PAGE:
lowballMany years ago I wasn’t afraid to submit a lowball on behalf of my client. Actually, if the research showed that the property wasn’t worth the purchase price, I was happy to go in with guns blaring and make my stand no matter how grumpy the seller was. In most cases I would look at a couple of facts; first there were the comparable properties. Easy enough to do when they were condos, but houses were a bit more difficult. sometimes you had to really massage the numbers to prove a point. Of course the second fact was “days on market”. We as agents look at this closely, but buyers today have been used to one simple truth…if it didn’t sell in a few days then it was overpriced. Why wouldn’t they? The news is inundated with stories of houses selling in multiple or bully offers.

So a few days ago an agent in my office tells me that he got a lowball offer on one of his listings. At $599k the agent would admit that the price was a little aggressive. If he had his way he would have listed it at $549k, held back offers and hoped for $560k but the owner was adamant that he wanted to list higher and given the market, there was always a chance. After a solid turnout at the agent open house, plenty of traffic during the weekend open houses and consistent showings during the first week. The agent, working on the direction of his client, had a holdback date, 6 days after the listing hit the street. But despite the early flurry of activity, foot traffic quickly declined and the offer date passed without as much as a nibble.

The agent did what he was supposed to do. Changed the listing to reflect that offers would be reviewed at any time, and then got on the phone. The first batch of calls went to a few agents who expressed some interest early on, followed by everyone else just to let them know that no offers were received. Unable to drum up any offers, he got back to work. Flyers, open houses, door knocking, etc.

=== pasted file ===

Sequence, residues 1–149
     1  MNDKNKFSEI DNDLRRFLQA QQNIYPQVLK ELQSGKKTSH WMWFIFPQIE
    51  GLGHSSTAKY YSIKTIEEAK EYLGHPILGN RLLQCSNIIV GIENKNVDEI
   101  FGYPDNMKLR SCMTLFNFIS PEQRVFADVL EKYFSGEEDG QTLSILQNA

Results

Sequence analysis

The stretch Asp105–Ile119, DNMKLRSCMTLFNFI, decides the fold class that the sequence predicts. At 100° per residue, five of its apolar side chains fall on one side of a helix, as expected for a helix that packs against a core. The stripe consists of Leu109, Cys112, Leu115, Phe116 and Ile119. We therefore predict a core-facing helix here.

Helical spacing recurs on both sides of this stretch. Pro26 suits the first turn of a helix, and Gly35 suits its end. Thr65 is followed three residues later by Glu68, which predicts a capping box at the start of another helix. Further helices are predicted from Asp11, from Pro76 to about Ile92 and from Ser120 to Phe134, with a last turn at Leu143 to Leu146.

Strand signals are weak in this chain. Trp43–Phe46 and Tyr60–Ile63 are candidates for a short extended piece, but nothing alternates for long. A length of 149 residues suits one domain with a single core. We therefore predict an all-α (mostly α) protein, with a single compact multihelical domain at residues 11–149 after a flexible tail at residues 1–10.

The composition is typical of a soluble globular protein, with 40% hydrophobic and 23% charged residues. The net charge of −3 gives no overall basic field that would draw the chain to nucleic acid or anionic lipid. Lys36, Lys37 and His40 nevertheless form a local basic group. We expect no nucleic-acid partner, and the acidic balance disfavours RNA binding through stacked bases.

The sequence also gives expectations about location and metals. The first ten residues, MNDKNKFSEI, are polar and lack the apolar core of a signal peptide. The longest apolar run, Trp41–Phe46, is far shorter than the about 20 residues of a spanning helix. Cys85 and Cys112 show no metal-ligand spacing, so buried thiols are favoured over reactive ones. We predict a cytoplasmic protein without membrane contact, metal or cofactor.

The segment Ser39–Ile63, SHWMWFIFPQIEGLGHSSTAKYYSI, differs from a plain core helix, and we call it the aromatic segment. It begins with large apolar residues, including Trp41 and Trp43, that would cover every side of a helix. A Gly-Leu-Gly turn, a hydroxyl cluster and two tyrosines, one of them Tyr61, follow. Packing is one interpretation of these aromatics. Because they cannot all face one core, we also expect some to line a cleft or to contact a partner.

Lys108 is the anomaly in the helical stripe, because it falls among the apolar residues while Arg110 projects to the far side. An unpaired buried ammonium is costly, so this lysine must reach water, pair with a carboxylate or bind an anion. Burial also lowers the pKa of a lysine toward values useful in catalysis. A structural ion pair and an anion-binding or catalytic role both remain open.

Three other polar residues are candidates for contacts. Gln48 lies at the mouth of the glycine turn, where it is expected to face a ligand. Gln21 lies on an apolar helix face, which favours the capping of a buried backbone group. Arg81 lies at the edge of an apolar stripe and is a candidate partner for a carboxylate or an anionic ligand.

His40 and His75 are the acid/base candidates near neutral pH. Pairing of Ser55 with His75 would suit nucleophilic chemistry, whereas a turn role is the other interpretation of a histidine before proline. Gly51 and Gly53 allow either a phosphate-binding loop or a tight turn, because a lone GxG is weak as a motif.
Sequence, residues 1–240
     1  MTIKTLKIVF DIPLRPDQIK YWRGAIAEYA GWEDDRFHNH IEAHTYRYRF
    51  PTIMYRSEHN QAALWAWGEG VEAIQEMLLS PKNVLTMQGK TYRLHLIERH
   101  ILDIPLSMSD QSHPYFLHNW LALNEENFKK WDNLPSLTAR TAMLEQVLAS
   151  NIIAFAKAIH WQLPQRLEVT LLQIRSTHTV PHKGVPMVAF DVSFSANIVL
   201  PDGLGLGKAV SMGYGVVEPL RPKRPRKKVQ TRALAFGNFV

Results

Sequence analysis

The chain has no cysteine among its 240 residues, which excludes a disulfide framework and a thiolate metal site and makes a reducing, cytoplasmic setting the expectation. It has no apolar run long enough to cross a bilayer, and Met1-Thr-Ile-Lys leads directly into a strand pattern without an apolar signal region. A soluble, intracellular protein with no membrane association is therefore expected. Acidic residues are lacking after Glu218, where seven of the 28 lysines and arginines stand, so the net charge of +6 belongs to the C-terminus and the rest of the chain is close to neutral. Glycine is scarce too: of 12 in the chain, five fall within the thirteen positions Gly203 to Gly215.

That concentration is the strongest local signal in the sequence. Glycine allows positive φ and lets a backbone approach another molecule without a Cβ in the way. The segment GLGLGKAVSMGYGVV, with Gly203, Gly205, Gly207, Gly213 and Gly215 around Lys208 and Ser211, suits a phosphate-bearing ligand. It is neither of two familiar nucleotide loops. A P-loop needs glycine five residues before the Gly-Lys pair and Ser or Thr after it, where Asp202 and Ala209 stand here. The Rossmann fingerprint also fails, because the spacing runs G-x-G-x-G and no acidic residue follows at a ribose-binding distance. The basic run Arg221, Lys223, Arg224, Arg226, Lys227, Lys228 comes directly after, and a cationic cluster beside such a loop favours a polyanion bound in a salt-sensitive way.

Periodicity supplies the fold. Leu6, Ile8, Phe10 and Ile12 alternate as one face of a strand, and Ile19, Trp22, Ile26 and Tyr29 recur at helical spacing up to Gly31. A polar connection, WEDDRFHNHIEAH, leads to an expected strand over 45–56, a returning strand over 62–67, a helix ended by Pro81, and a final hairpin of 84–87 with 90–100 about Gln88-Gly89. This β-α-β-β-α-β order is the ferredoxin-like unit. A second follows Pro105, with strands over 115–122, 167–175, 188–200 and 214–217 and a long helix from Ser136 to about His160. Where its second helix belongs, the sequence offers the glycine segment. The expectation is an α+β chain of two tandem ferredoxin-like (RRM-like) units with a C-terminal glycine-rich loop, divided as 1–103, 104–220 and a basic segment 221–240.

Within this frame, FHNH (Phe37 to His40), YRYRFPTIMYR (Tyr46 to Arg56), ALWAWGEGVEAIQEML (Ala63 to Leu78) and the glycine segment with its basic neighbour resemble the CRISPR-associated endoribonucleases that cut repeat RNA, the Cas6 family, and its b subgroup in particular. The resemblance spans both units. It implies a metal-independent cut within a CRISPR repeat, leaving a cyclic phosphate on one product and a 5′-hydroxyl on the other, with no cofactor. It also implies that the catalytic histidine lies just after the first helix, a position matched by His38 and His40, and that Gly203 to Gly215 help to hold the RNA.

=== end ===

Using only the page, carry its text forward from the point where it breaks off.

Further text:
After the second weekend of public open houses, he finally got an offer. $515K. Nearly 16% under the list price. He knew right away that this one is going to be a hard one to sell to the owner who was probably expecting something over $600k. Having been on the other end of this equation several times I know exactly what the conversation was like between the buyer and the buyer agent. After being told the house didn’t sell on offer night and seeing that the house has been on the market for over 15 days, the buyer had only one conclusion…. Overpriced. Lets throw in a stinker bid and see how low the seller will go.

Experience has taught me that this is not the right tactic. Low ball offers put the seller on the defensive right off the bat. They are likely to likely to sign back at full price or not at all. The buyer agent sits across the table from the seller with an immediate disadvantage not likely to be smoothed over very easily. So what are you options as the buyer agent? Simple. Do your homework. Conduct your own CMA and sell the price using pure hard facts because facts don’t lie. Let the buyer know that success is derived by coming to the table with a strong position backed up by hard numbers.

The seller agent has a tougher job. They do not have any influence with the buyer so must communicate to the buyer agent that they will have a better chance if they bring a reasonable offer. As you know, the seller agent can’t disclose motivation or any other pertinent facts like “I told the seller the house was only worth X” or “my seller is greedy”. Instead talk to the buyer agent about comparable homes in the neighbourhood and nudge them in the direction you need to be at.

Remember to consult local data to get a sense of what the average days on market are for the district or neighbourhood. Chances are you will be surprised how high that number is. Consider that in March 2015, one of the hottest months of the year, in Toronto’s C01 district (where my office is located) average days on market for freehold homes is 27 days yet if you asked anyone, agent or not, they would say houses sell much, much faster. There is perception and then there is the reality.

mark mclean is the Broker/Manager at the Bosley Real Estate Queen St W office and President of the Toronto Real Estate Board. The opinions expressed here do not reflect the opinions of TREB or Bosley RE.